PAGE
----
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Thread: The use of leaches and maggots in Medicine

  1. #1

    The use of leaches and maggots in Medicine

    http://sfgate.com/cgi-bin/article.cg...NGCKECSOA1.DTL

    Looks like they are actually useful after all. Wonder if the Bush Administration will back this to get FDA approved. Sounds like something they might actually agree with.

  2. #2
    Senior Member Tweetybird's Avatar
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    Both leaches and maggots are approved by the FDA as medical devices. It is amazing that things that occur in nature can be of such assistance to us. I know it is gross thinking of maggots but the do a fantastic job of cleaning out a wound. My mother and father (mother was nurse, father was doctor), told me of a child in Children's Hosptal in Boston who had a serious compound fracture that ended up getting infected. They cleaned it up and casted it. The child a few days later kept complaining of itching in her cast. Finally they removed the cast to find the maggots, as a fly had flown inside the cast and laid her eggs. They cleaned out this infected wound they had so much trouble clearing up. After they cleaned it up and removed the maggots they saw healthy tissue. The wound finally healed up wonderfully and she was very healthy after that.

  3. #3

    So

    Quote Originally Posted by Curt Leatherbee
    http://sfgate.com/cgi-bin/article.cg...NGCKECSOA1.DTL

    Looks like they are actually useful after all. Wonder if the Bush Administration will back this to get FDA approved. Sounds like something they might actually agree with.
    And what this does to SCI!

  4. #4
    I saw this on Discovery.
    They have special leech farms.

    The leech is like a stick..then after he sucks you dry..he looks like he will pop.

    And you don't even feel them biting into you..but boy the blood rushes out at first after they let go.

    They didn't show the maggots working. But most likely will soon.

    They also had the other side of the coin..worms and larvae that can enter your body and cause total havoc..and kill you.

    Even with modern day treatments it can take years to rid your body of all the worms and get healthy again.
    Amazing stuff.

    These worms even get into your eyeballs and you can watch them moving under your skin and across your eyeball. Very weird. A real life monster story really.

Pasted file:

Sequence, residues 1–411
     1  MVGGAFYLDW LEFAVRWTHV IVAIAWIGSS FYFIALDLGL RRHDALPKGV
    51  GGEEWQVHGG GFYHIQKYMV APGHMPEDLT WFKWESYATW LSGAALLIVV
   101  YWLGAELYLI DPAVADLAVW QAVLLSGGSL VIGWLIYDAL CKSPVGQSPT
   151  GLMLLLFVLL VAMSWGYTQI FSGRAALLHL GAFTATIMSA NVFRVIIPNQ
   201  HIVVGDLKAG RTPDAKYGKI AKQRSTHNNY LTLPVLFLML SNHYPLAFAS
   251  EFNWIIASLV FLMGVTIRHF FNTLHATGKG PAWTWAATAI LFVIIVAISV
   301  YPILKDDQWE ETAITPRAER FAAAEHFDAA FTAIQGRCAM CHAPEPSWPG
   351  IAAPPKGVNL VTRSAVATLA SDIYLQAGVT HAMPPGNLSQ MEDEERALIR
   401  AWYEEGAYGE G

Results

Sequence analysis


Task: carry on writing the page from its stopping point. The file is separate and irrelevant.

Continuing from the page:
Life isn't about getting thru the storm but learning to dance in the rain.

  5. #5
    X-Files!
    Somebody suck this thread out of here!

  6. #6
    I think the question is whether or not they will be regulated further by the FDA, not whether they will be "approved". I have experiences similar to what Tweetybird described. At Bellevue Hospital, we took care of homeless people and many had diabete ulcers that were infested with maggots. They kept the wounds clean but they also can prevent healing the ulcers from healing. We can get rid of the maggots by spraying ether into the opening and the maggots will come out.

    When I was in Medical school at Stanford, I knew a professor there (John Nicholls) who spent a career studying the nervous system of leeches. He used to keep them fed by putting them on rubber gloves filled with blood. All the neurons in the leech were identified and named. He wrote a great book about the neurons of the leeches http://www.sinauer.com/detail.php?id=4391 and he was one fo the best teachers I have ever had.

    Wise.

  7. #7
    Dr. Wise,
    Are you enjoying a refreshing beverage?
    Life isn't about getting thru the storm but learning to dance in the rain.

  8. #8
    Senior Member Hunker's Avatar
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    Quote Originally Posted by drnader
    And what this does to SCI!
    look at #11 and you will see what it has to do with SCI.mag-neat-o =

  9. #9
    Quote Originally Posted by Hunker
    look at #11 and you will see what it has to do with SCI.mag-neat-o =
    Thanks Hunker.
    This answered all my questions about medicinal maggots.

    And they are grown in an insectary. (also known as a broken down refrigerator.)
    Totally hysterical the names we put on everything.
    Life isn't about getting thru the storm but learning to dance in the rain.

  10. #10
    Senior Member NorthQuad's Avatar
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    I would let leeches suck blood out of me if it meant saving a toe after frostbite or surgery anyday. I've had many stuck to me after a day of ATVing out in the bush. I never even noticed them until it was time to strip out of the muddy clothes and it didn't bother me at all. I'd rather a leech bite then a misqitoe bite.

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